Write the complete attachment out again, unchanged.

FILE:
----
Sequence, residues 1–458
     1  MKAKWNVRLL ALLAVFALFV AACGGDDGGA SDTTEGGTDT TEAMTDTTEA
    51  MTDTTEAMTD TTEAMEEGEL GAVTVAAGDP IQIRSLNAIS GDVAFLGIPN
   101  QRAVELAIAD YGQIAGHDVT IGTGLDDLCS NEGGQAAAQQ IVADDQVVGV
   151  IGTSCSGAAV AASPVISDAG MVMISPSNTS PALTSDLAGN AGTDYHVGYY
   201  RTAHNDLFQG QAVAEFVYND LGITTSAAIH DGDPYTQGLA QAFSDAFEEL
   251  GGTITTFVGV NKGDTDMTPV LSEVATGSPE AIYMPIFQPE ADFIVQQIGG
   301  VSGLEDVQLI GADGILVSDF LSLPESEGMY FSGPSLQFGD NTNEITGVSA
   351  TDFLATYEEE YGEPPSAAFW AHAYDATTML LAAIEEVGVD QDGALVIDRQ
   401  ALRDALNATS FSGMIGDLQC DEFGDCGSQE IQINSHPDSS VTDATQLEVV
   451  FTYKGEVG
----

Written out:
Sequence, residues 1–458
     1  MKAKWNVRLL ALLAVFALFV AACGGDDGGA SDTTEGGTDT TEAMTDTTEA
    51  MTDTTEAMTD TTEAMEEGEL GAVTVAAGDP IQIRSLNAIS GDVAFLGIPN
   101  QRAVELAIAD YGQIAGHDVT IGTGLDDLCS NEGGQAAAQQ IVADDQVVGV
   151  IGTSCSGAAV AASPVISDAG MVMISPSNTS PALTSDLAGN AGTDYHVGYY
   201  RTAHNDLFQG QAVAEFVYND LGITTSAAIH DGDPYTQGLA QAFSDAFEEL
   251  GGTITTFVGV NKGDTDMTPV LSEVATGSPE AIYMPIFQPE ADFIVQQIGG
   301  VSGLEDVQLI GADGILVSDF LSLPESEGMY FSGPSLQFGD NTNEITGVSA
   351  TDFLATYEEE YGEPPSAAFW AHAYDATTML LAAIEEVGVD QDGALVIDRQ
   401  ALRDALNATS FSGMIGDLQC DEFGDCGSQE IQINSHPDSS VTDATQLEVV
   451  FTYKGEVG